Although I’ve spent my career in television I like to think I know a bit about radio. My husband Jay works for CBS Sports Radio so I must have learned a little bit through the years!

So when Terri Trespicio, my friend and co-founder of our online video course Lights Camera Expert and I were approached to host our own show, we immediately agreed – what could be more fun? Read more

Checkli Helps You Discover a World of Lists

I can be a bit of a list-making purest, I still handwrite lots of my lists in a notebook. But I also love using apps and technology to be more productive. I found a new list-making app that I’m really into these days. It’s called  Checkli.

Checkli allows you to make lists and share them with friends, family and the public at large. It’s design is pretty simple and easy to use. You can alter the settings for every list you post, so you can keep your personal lists to yourself.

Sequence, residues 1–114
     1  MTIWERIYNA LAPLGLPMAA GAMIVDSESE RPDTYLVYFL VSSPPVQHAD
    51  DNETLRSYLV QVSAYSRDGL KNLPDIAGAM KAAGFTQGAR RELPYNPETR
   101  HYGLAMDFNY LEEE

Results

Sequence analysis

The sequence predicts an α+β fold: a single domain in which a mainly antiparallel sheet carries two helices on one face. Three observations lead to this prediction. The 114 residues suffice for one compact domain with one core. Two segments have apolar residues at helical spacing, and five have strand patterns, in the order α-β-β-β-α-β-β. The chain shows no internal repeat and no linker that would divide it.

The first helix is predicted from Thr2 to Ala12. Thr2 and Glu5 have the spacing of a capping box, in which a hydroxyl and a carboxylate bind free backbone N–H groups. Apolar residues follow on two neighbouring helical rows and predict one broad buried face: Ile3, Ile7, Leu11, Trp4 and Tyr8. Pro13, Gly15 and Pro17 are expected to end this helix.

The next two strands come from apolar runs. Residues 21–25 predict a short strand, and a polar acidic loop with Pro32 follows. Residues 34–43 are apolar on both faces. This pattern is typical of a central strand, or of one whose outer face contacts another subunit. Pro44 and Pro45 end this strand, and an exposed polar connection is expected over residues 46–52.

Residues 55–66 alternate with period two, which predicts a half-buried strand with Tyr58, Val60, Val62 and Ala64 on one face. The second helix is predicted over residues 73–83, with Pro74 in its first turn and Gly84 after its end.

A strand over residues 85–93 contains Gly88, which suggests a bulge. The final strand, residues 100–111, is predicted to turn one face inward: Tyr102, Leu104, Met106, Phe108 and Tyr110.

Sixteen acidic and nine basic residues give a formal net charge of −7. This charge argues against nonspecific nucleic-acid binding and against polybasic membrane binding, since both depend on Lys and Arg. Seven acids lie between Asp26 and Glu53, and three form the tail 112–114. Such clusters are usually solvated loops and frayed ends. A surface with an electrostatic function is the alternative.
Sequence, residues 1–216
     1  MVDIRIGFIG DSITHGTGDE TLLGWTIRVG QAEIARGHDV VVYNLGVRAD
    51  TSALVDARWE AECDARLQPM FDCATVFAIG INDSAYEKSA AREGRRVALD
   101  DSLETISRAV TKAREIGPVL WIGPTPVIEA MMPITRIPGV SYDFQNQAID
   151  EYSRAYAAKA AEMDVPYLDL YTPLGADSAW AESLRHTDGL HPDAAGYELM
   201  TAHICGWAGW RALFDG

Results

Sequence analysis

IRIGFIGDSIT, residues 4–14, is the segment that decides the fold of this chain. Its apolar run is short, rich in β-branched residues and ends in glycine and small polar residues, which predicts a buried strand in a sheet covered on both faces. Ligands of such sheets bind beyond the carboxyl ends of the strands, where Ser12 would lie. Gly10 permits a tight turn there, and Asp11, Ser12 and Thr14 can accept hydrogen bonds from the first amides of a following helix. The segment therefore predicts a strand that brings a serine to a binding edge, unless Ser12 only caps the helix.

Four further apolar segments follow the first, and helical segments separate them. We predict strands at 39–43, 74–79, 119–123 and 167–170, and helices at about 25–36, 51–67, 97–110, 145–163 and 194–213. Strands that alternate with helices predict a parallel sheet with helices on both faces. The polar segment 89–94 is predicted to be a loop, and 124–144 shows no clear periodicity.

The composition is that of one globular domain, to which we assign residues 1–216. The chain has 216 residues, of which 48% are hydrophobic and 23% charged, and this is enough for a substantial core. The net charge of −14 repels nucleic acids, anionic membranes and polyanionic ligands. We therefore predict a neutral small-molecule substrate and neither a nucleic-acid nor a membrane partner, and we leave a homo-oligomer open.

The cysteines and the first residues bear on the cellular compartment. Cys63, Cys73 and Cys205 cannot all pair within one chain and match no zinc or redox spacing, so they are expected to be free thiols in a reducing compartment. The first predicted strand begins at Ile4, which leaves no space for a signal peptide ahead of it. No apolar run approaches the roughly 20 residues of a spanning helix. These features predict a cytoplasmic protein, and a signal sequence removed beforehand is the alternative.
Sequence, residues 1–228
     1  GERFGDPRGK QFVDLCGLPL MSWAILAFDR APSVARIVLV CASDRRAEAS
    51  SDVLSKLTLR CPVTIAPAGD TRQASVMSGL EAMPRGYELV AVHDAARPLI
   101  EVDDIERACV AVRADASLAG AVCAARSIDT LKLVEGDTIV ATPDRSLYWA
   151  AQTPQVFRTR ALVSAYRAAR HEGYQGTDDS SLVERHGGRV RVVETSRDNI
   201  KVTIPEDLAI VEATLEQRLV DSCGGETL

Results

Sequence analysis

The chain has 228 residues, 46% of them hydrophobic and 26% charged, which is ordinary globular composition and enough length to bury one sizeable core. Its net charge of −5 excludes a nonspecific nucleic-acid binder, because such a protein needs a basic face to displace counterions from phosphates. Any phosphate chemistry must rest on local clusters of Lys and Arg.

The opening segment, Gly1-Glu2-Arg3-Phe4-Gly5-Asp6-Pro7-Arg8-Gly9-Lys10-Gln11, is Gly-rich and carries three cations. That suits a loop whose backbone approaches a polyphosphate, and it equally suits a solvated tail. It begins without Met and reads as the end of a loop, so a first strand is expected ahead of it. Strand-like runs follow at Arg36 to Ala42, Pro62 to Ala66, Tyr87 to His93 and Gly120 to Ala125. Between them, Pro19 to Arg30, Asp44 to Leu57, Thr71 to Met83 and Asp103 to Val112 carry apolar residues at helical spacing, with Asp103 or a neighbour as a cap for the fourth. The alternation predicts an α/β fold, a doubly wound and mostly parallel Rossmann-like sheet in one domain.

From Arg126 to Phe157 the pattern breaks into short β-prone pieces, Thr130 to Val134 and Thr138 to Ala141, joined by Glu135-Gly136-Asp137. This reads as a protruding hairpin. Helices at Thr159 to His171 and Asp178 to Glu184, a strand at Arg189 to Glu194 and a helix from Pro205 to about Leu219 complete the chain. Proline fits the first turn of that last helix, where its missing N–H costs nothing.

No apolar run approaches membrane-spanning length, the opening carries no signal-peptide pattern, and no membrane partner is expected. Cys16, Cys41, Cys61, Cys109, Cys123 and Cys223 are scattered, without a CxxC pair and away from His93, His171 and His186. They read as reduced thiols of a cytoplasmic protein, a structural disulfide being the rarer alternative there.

The main draw of Checkli, for me, is just how many checklists it has built in already. The search function is also very good so you can easily find more niche lists. So you can find lists like “Pre-Wedding Beauty Prep” for instance. Ok so that isn’t a list you’d need everyday but when you do need it you want all the information you can.

Here are some of the interesting and unusual lists you can find on Checkli:

  • The World’s Coolest Airports – Finland, The Maldives & Singapore all make the list!
  • Aesthetic Poetry Books
  • Foods to Avoid During Pregnancy – deli meats, soft cheese and raw sprouts are all no-nos.